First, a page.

ABC Korea
ABC Korea is the general Korean-language channel ran by the ABC. Airs OTA in Korea and is also available on cable/satellite in Japan, Taiwan, and the Aiko City Capital District. Broadcasts on channel 2 in Korea, on channel 200 in Japan, and channel 201 in Taiwan and the Aiko City Capital District.

ABC Taiwan
ABC Taiwan is the general Mandarin-language channel ran by the ABC. Airs OTA in Taiwan and is also available on cable/satellite in Japan, Korea, and the Aiko City Capital District. Broadcasts on channel 2 in Taiwan, on channel 201 in Japan and Korea, and channel 202 in the Aiko City Capital District.
♥ Empire d'Aikoland ♥
Trois États, Une Impératrice
Official Flag|Factbook|Q&A

A small Francophone nation located on a group of islands to the south of France. Primary territory of the nation consists of three main islands, the states as described in our national motto, along with smaller less populated islands surrounding them.
Official Nation Name: The Empire of Aikoland
Government Type: Parliamentary constitutional monarchy
Head of State: Empress Élisabeth IV
Head of Government: Prime Minister Mélodie Bélanger
Population: 5.8 million
Official Language: French
Current Year: 2020

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Civil Rights Lovefest

Postby The New California Republic » Wed Jan 16, 2019 7:43 am

All broadcasters in the NCR are privately owned.

The only exception is the Emergency Broadcast System on the radio, which is only active in case of national emergencies. A test of the system is carried out once a month for an hour. The Emergency Broadcast System is on several bands, including FM (100MHz), Shortwave (10MHz), AM (1000kHz), and digital radio channels 10A through to 10D. When the system is not in use, the listener will just hear a steady series of beeps, once per second, so that the listener knows that they have the correct frequency.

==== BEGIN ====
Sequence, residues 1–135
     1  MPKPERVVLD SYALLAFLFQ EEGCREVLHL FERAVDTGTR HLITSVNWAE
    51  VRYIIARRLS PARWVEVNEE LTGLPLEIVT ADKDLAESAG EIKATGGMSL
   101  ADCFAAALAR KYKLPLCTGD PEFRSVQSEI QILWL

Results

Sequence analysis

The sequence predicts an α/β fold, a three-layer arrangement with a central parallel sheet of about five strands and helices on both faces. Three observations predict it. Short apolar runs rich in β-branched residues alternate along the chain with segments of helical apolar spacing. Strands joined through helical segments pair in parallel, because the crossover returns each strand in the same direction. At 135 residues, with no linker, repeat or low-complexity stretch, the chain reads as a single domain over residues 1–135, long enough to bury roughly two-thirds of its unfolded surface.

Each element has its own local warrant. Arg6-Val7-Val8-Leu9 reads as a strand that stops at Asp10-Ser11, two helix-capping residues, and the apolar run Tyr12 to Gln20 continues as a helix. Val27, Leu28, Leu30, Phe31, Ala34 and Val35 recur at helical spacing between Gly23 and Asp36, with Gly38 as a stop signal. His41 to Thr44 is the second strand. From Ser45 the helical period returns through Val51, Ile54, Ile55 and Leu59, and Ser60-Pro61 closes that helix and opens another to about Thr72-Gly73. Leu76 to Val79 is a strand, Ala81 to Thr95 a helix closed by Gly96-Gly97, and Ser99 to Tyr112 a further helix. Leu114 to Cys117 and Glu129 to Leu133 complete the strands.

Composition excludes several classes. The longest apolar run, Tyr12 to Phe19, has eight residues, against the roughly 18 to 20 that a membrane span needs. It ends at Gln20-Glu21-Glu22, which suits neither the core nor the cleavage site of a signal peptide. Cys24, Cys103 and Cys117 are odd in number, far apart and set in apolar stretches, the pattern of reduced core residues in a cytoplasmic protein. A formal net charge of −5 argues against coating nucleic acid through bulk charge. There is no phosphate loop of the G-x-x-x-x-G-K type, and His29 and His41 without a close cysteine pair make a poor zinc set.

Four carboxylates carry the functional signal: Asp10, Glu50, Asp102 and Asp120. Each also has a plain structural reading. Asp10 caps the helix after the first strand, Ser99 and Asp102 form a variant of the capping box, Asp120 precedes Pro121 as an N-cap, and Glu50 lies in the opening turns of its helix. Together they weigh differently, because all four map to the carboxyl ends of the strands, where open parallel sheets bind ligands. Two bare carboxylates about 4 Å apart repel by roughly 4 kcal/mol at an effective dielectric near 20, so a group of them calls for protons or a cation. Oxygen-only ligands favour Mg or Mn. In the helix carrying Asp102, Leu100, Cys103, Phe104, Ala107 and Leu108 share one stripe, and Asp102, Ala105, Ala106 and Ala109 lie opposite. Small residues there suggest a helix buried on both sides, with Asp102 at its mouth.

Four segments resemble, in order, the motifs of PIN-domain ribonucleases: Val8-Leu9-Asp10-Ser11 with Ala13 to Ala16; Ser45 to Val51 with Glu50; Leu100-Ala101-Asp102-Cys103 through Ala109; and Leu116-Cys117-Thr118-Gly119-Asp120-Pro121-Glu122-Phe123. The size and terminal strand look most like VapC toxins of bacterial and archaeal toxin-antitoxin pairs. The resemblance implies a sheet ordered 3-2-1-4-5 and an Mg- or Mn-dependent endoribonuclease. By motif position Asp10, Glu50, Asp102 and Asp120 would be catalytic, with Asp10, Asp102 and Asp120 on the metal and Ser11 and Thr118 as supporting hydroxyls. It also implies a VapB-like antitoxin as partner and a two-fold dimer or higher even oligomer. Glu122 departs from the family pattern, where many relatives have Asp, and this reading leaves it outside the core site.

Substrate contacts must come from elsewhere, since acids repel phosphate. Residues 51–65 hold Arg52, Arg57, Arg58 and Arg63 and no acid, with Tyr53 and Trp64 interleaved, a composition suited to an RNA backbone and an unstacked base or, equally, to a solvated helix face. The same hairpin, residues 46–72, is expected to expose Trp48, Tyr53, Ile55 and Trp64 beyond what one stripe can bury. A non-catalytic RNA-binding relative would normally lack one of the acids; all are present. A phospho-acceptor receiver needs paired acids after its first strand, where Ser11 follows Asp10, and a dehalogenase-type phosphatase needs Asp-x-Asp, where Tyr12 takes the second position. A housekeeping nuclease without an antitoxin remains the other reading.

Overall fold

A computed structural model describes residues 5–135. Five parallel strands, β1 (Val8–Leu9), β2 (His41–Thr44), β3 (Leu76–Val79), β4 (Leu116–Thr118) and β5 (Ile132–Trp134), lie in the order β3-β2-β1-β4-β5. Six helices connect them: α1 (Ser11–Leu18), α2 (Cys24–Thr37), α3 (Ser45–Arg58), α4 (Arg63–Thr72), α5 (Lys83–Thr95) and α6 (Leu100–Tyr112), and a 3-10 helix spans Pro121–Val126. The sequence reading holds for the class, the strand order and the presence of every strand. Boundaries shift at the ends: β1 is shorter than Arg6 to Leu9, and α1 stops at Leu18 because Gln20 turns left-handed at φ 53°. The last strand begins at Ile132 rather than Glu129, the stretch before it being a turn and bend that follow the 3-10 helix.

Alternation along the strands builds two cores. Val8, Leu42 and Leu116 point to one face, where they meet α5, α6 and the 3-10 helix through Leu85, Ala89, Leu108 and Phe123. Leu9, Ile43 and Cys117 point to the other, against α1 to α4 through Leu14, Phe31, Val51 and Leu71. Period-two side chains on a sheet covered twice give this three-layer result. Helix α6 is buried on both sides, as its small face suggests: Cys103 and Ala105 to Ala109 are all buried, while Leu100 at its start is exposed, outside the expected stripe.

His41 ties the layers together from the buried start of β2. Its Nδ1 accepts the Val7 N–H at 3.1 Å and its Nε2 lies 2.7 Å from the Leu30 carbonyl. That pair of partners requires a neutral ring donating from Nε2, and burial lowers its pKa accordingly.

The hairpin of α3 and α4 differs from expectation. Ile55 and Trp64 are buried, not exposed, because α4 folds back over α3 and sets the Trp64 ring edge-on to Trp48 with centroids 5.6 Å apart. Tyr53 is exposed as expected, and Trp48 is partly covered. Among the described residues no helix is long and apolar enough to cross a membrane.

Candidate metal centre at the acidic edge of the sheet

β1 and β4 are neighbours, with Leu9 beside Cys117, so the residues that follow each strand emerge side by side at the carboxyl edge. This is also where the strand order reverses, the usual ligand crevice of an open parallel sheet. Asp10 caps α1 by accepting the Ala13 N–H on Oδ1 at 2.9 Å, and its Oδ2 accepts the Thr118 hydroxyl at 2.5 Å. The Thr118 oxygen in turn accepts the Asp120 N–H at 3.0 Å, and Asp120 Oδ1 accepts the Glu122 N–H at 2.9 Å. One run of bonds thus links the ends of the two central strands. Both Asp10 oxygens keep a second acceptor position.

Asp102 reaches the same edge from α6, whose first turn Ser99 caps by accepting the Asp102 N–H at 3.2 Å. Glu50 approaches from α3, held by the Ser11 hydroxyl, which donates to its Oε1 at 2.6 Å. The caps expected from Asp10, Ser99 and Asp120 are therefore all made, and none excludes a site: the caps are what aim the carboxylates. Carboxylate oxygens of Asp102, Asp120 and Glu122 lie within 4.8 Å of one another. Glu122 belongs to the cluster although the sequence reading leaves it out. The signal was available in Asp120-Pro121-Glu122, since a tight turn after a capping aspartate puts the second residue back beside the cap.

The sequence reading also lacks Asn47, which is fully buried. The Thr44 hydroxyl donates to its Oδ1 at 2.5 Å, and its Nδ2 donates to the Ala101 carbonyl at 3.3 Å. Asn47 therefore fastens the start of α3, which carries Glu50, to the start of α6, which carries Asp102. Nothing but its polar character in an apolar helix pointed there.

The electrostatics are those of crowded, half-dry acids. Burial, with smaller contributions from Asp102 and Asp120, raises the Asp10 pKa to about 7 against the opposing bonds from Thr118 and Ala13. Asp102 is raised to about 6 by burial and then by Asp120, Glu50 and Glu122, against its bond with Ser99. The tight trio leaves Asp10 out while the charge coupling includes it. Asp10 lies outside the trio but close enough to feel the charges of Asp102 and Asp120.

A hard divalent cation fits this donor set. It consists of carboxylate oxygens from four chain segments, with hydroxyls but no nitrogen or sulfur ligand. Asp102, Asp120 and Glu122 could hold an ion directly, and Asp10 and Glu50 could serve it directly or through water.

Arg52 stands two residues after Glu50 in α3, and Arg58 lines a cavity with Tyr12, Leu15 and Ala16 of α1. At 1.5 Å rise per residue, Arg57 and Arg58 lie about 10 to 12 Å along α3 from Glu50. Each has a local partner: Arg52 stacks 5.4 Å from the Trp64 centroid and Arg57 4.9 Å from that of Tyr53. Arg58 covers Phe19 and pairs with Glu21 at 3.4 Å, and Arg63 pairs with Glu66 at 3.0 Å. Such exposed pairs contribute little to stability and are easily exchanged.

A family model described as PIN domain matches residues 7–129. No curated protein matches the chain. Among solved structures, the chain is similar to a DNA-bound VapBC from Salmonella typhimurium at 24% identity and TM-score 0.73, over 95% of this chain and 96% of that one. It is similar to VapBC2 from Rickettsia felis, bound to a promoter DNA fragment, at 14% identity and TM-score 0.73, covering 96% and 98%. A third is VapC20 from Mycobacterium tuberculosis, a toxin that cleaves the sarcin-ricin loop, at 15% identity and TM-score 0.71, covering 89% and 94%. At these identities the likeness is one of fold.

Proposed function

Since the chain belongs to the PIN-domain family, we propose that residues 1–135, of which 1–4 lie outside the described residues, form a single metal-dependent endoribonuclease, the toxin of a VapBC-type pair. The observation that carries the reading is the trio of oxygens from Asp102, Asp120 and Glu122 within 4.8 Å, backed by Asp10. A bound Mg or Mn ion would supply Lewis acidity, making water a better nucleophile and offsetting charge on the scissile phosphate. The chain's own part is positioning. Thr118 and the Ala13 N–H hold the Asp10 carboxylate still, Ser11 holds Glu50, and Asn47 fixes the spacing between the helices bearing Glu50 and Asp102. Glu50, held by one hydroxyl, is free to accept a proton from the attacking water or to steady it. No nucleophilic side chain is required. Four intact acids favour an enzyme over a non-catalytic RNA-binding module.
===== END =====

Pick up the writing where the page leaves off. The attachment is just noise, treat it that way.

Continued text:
Last edited by Sigmund Freud on Sat Sep 23, 1939 2:23 am, edited 999 times in total.

The Irradiated Wasteland of The New California Republic: depicting the expanded NCR, several years after the total victory over Caesar's Legion, and the annexation of New Vegas and its surrounding areas.

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White-collared conservatives flashing down the street
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Wave on, wave on

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Civil Rights Lovefest

Postby Thermodolia » Wed Jan 16, 2019 9:22 am

The Thermodolian Public Broadcasting Corporation (TPBC) is a public broadcaster in Thermodolia. It's a independent government corporation which means that other than appointing half of the board members and providing funding the government cannot interfere with its normal affairs. The TPBC was created by the Public Services Act in 1959

The TPBC currently owns and operates two television channels and three radio stations


Thermodolia Public Television The flagship channel of the TPBC. It broadcasts kid friendly educational shows from the mid-morning to late afternoon, news from late afternoon until evening, and various shows from evening until mid-morning. It was established in 1959

Federal Parliament Television A 24 hour channel that broadcasts all votes and procedures of the Federal Parliament as well as all other government events. In addition to the legislative and government programming it also offers left wing, right wing, and centrist talk shows. It was established in 1977 by the Public Knowledge Act.


Thermodolian National Radio Broadcasts news, established in 1959

National Talk Radio Broadcasts talk radio and call in shows, established in 1959

Federal Parliament Radio Broadcasts all votes and procedures of the Federal Parliament as well as all other government events, established in 1977

There are also several other public and private media corporations in Thermodolia.
Last edited by Thermodolia on Sat Jan 11, 2020 12:16 pm, edited 1 time in total.